News

A major VPN provider was hacked. Lesson: Don’t trust a VPN that doesn’t own and manage their own equipment.

I’m not going to make any recommendations on VPNs except to say what happened with NordVPN is why you never trust any VPN provider that rents out data center virtual server space, or uses other people’s equipment.

Should be noted TorGuard and VikingVPN are also listed as potentially compromised in the TechCrunch article.

The short version of the story is they appear to have rented a virtual server, or connected a physical server to a remote management console, one of the management servers for the data center had an insecure remote data management system which allowed attackers to compromise and pull private key data from the NordVPN server.

What that effectively means is a government agency could perform a man in the middle attack where you think you’re secure and connected to your VPN, but you’re not.

NordVPN says there’s not much they could have done at that point with what they got, but the acknowledgement of a breach brings about some troubling potential issues.

The first is this happened in March of 2018. 19 months ago if I math right. Now, I’m not particularly all in favor of immediate disclosure while you batten down the hatches, but in that time you could have had a kid, and that kid is now 10 months old and her first words are “no security”.

The second is that NordVPN is not in complete control of the boxes/environment/virtual machine they’re on. That’s troubling. I mean the nature of the internet is such that there’s an element of risk even with the greatest cryptography in the world, but when the box you’re trusting is accessible via means you don’t control … that’s not good.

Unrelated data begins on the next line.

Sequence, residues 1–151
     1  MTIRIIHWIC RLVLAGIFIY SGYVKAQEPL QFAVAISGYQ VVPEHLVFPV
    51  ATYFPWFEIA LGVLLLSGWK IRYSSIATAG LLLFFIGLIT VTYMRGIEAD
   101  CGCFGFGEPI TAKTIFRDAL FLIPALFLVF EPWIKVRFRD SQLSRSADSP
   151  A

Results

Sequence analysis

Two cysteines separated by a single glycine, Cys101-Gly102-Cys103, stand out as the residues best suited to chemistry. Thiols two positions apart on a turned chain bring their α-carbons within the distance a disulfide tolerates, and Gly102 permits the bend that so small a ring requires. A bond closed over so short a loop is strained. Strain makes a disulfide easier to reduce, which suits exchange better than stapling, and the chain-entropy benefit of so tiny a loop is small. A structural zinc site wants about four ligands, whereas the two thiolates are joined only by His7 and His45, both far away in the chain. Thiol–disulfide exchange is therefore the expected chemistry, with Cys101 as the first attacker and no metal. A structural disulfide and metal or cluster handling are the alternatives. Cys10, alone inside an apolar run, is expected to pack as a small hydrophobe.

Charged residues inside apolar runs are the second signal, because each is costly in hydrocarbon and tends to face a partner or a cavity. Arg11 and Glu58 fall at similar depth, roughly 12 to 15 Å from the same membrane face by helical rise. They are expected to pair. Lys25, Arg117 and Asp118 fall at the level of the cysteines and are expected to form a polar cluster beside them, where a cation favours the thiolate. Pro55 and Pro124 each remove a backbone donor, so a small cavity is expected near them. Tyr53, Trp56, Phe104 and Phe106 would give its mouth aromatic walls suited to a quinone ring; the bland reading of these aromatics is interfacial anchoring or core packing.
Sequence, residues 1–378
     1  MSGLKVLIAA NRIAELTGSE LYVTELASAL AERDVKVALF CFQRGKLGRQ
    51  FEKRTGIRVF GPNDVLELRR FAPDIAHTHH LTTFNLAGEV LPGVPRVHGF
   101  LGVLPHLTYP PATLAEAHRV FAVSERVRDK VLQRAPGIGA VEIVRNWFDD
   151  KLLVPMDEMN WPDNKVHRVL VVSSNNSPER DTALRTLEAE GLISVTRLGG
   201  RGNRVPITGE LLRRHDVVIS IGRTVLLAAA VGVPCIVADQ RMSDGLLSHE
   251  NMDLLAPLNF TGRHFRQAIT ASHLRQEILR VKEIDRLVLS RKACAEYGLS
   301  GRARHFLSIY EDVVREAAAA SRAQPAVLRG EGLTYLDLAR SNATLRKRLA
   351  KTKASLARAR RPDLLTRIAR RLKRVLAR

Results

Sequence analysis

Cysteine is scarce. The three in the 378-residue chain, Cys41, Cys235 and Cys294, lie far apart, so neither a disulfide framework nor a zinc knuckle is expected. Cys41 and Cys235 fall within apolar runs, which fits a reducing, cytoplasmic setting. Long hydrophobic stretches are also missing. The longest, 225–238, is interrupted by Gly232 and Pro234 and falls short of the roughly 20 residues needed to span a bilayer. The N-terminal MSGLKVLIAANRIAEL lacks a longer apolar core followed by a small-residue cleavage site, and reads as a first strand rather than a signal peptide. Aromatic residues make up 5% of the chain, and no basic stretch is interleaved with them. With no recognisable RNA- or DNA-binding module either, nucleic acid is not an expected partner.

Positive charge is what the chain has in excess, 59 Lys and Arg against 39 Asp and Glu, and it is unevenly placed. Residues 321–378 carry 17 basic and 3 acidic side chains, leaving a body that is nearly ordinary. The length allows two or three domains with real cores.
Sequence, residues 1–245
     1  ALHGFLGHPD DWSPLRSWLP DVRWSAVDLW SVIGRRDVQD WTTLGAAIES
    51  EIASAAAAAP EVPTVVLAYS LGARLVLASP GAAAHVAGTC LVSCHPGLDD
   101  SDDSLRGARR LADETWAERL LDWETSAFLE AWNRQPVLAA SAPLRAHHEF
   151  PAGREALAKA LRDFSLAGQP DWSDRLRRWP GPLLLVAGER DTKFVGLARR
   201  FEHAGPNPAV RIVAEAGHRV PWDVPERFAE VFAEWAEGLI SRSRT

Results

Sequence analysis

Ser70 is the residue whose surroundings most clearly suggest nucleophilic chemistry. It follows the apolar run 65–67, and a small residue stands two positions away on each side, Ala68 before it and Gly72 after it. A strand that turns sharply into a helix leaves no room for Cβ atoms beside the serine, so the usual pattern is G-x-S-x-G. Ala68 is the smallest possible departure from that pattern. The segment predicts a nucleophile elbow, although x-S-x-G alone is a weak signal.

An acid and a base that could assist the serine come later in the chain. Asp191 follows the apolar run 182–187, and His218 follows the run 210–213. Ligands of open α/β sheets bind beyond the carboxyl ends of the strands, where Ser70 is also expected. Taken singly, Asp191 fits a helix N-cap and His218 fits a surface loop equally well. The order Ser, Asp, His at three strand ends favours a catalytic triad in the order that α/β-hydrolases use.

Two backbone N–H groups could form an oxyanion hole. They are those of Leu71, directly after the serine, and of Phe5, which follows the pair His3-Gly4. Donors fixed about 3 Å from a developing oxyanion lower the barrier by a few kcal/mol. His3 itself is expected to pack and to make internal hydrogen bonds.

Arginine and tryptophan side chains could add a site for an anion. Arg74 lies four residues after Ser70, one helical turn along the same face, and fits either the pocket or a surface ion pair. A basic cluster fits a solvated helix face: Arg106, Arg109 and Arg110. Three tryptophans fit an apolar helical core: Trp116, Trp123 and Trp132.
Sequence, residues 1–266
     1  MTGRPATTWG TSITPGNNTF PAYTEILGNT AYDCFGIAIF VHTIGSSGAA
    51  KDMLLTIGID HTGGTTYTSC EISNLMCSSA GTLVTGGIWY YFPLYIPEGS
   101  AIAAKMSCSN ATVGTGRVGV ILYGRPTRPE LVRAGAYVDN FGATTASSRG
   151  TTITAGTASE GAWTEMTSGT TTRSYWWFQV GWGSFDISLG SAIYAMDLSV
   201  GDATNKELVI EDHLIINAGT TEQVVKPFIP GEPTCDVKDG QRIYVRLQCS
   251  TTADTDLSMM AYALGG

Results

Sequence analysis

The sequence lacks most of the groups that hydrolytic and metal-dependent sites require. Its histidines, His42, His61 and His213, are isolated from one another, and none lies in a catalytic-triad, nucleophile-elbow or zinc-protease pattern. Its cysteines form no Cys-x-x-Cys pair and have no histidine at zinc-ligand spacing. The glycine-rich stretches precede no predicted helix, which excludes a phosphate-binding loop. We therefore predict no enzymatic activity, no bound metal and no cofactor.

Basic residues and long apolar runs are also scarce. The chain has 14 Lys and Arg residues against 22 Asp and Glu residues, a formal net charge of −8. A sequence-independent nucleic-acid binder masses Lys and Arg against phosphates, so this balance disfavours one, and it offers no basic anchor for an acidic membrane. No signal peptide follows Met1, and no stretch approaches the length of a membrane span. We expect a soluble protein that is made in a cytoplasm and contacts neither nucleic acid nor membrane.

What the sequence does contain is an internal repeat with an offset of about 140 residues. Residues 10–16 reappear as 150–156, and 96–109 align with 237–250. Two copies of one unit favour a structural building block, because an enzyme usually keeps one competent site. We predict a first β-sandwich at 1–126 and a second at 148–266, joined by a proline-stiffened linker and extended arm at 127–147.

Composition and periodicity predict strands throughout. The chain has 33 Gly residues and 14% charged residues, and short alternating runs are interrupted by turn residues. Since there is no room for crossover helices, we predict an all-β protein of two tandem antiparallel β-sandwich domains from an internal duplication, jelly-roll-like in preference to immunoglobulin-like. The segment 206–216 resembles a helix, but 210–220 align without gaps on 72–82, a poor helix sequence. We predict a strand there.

Do they know that their equipment isn’t physically being accessed by third parties?

NordVPN says they were unaware of the data center’s software, that’s even worse. If I’m putting a VPN in a remote location and asking people to pay and trust me I’m going to that data center with my own equipment that plugs into the internet and a keyboard, 3 IP cameras pointed at it, and a monitor I bring. That VPN goes off line for any reason it will stay offline as I’ll assume a state agent has compromised it.

This was connected via some sort of shared resource. Some form of equipment or software that a company focused on security didn’t know about, and it took them 18 months to come clean about it.

Was any user data compromised? They claim no, although they probably have no way that I know to determine that the attacker didn’t pull connection information to match up IP addresses with times of political posts to sell to anti-democracy forces to use to go and round up suspected dissidents.

I mean if they’re renting server space NordVPN might have not been logging connection information but who’s to say that the data center wasn’t?

Troubling…

[TechCrunch]
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Paul E King

Paul King started with GoodAndEVO in 2011, which merged with Pocketables, and as of 2018 he's evidently the owner. He lives in Nashville, works at a film production company, is married with two kids. Facebook | Twitter | Donate | More posts by Paul | Subscribe to Paul's posts

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One thought on “A major VPN provider was hacked. Lesson: Don’t trust a VPN that doesn’t own and manage their own equipment.

  • Avatar of Daniel D.

    As always, a system is as weak as its weakest link. No exception!
    Personally I see very little reason for the VPN craze that has taken the world by storm in the last 2-3 years.
    Everything should be encrypted by default (heck, HTTPS has been around since 20+ years ago?) and most of us have very little to hide (Google, Facebook & co are gathering enough valuable data anyway). It’s all a method of inducing a fear, creating an artificial need and then milking those that fall for it.
    There are very limited and specific usecases for VPN usage, of which I only remember a few: piracy & illegal stuff in general, internet blockades, corporate services that need virtual LAN in order to work, corporate workers that are dealling with highly sensitive data.
    I am open to and actually searching for someone to have a real conversation about the need of a VPN for normal, private activities.

    Reply

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